World War Z (PlayStation 4) Review

By Drew Hurley 03.05.2019

Review for World War Z on PlayStation 4

Adaptations and tie-ins are more popular than ever, and with World War Z being one of the most well-regarded zombie-themed novels, and in a time when the shambling undead were at their peak popularity, it was inevitable it was going to get a movie adaptation. What was strange was that the movie bared little to no relation to the book - merely buying the name and slapping it on an abomination with Brad Pitt. It's even more surprising to see what has happened with the game tie-in. It's been six years since the film… and while the sequel has been stuck in production hell for some time, this game has dug its way up. Is this one closer to the film? Or the book? Or an entirely new animal?

World War Z is a four-player, zombie-slaughtering co-op shooter. That description alone tends to evoke a particular, fairly famous title: Left 4 Dead. A game with a huge fanbase, and it's very evident that some of those fans are the team at Saber Interactive, the team behind this. It's not accidental and it's not denied, as the team has spoken often about the inspiration of Left 4 Dead. They know this is a clone, and being a clone isn't always a bad thing, if it does enough to set itself apart and can keep the quality high.

First off the game is third person, and is completely focused on multiplayer. There's a series of story-based missions to play through in the campaign, but there's no prerequisite to go through them in any order. Nor is there a grand overarching story stuffed with FMVs to experience. Missions to take on, with friends, randoms online, or NPCs, complete and repeat. What is good about said missions is that they span the globe, with New York, Jerusalem, Russia, and Japan each offering up a handful of stages. The first stage of New York is made of generic city streets seen a thousand times before, but the others are absolutely fantastic, truly capturing the locations they're based on, capturing everything, from the fauna, the architecture, even the popular vehicles for that location. The developers have clearly put the effort in here and it shows, making the mission so much better. It would have been better to see some more cultural variations in the zombies though.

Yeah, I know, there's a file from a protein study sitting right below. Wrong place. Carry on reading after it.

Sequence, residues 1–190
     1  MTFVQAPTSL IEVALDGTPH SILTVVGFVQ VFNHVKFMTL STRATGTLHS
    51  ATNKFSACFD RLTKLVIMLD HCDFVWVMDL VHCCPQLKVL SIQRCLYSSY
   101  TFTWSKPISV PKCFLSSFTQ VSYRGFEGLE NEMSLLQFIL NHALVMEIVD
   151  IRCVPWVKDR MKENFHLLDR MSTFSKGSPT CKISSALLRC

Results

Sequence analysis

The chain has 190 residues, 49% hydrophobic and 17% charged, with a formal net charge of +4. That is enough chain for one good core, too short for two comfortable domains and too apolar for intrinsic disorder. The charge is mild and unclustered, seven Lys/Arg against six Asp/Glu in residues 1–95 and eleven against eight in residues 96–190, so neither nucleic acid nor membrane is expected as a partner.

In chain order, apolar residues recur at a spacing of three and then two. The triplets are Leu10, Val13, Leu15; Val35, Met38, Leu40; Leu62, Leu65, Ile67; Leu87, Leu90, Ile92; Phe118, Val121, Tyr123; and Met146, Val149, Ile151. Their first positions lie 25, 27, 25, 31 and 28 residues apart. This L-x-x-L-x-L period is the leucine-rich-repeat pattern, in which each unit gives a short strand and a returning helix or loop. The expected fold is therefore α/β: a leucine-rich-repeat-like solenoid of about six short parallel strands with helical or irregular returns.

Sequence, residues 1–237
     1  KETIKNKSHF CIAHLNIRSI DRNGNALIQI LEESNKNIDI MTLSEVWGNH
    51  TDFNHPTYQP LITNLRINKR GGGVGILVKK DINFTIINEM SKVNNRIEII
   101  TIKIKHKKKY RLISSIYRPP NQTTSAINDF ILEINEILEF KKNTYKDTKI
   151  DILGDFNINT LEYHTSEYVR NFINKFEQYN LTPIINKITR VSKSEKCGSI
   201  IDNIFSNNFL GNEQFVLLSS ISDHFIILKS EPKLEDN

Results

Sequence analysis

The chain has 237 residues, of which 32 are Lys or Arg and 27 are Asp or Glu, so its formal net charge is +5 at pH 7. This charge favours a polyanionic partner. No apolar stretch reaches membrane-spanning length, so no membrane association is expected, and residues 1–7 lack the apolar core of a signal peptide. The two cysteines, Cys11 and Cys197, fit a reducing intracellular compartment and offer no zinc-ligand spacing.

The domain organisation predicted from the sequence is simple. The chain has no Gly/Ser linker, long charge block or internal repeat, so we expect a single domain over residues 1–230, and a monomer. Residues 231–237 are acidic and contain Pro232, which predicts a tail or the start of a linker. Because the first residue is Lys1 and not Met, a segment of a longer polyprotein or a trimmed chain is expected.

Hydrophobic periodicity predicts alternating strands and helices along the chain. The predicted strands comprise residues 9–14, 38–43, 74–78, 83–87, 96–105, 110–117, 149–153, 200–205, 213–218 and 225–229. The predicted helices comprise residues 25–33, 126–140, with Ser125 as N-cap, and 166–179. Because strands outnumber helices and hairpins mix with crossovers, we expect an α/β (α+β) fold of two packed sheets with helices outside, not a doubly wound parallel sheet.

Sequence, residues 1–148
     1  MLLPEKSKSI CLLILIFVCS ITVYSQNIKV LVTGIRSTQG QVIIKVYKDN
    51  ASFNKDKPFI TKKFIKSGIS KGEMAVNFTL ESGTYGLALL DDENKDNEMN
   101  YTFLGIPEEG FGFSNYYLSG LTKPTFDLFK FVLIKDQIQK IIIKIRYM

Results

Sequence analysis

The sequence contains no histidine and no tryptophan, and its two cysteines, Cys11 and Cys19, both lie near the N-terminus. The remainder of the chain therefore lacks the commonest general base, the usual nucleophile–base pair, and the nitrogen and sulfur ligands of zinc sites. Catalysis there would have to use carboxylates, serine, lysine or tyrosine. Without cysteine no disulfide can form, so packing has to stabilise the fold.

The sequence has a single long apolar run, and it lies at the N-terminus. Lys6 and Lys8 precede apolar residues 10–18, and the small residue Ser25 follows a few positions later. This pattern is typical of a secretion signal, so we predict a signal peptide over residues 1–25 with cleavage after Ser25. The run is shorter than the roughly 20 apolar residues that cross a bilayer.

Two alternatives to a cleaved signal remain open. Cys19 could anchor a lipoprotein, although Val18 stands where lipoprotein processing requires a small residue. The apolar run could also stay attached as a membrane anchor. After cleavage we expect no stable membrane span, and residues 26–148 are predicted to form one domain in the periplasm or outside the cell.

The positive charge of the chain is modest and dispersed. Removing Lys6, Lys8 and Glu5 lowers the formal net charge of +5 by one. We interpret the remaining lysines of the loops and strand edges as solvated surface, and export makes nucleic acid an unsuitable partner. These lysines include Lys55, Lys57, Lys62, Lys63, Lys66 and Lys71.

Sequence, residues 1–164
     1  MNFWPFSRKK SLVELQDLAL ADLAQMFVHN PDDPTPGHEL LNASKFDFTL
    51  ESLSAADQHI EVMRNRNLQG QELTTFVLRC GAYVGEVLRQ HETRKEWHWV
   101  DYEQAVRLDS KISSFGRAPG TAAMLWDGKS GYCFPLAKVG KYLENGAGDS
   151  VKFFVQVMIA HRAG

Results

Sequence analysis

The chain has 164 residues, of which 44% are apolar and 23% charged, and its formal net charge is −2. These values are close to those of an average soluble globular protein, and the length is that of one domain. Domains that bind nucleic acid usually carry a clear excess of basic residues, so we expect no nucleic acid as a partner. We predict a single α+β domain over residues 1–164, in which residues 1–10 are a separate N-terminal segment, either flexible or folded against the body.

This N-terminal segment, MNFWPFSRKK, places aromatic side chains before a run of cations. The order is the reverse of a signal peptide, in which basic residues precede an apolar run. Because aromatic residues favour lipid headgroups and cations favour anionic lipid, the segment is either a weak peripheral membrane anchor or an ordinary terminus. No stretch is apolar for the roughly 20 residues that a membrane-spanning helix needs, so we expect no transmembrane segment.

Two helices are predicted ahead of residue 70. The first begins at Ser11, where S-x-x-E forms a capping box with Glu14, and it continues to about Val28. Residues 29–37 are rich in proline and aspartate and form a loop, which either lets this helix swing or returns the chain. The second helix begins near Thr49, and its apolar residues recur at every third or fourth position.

Screenshot for World War Z on PlayStation 4

The missions themselves are the standard multiplayer fair: reach a set objective, barricade, overcome a swarm, reach the end of the stage - and yet it's always fun. So much so that, even with the limited levels, it's fun to go back again and again, and replay stages over and over - especially with friends! That's the most important thing here, and it accomplishes exactly what more games should focus on: fun. There are some moments where points need to be defended from ungodly, huge waves of the undead where the team has pour thousands of bullets into the swarm; set up mortars or gun encampments; rush into the fray with a chainsaw. Doing this with friends, laughing all the while, is some of the most multiplayer fun in ages. Not to mention the performance graphs at the end of the stage to flex on your compatriots.

One of the most iconic moments from the film has become one of the main gimmicks of the gameplay. The zombies in World War Z are the fast moving kind, and these creatures sprint and rampage like a wave. When a huge amount of them build up, they clamber atop each other, building up huge towers of corpses, as seen in one of the only enjoyable parts of the film. This is well recreated in the game, if a little overused. In numerous levels barricades or height act as a natural barrier to the rambling Romeros, only for them to swarm in terrifying numbers. Shooting the forming creations to pieces before the overcome the barricade is essential, or at least slowing some of them - often by setting up defensive weapons and whipping out the big guns. These are needed too, as the engine is optimized to allow up to 500 zombies on screen at a time, and the game makes full use of that.

That huge number, combined with the fact that these sprinting zombies are more intimidating than their shambling kin, offer up a challenge which requires fast reflexes - but, they are still easy enough to put down, and a quick couple of shots is all that's needed. In Left 4 Dead, the real danger came from the 'Special Infected.' The game makers continued their inspiration here. There's a Charger, called a 'Bull' here; a huge Riot cop who charges and grapples teammates if he manages to connect; a 'Creeper,' which is 100% a Hunter from Left4Dead, the 'Hazmat' is reminiscent of a Boomer, leaving clouds of gas; and, finally, the 'Screamer' is somewhat like the Witch, without the insane damage output. That screams and summons Hordes that come running.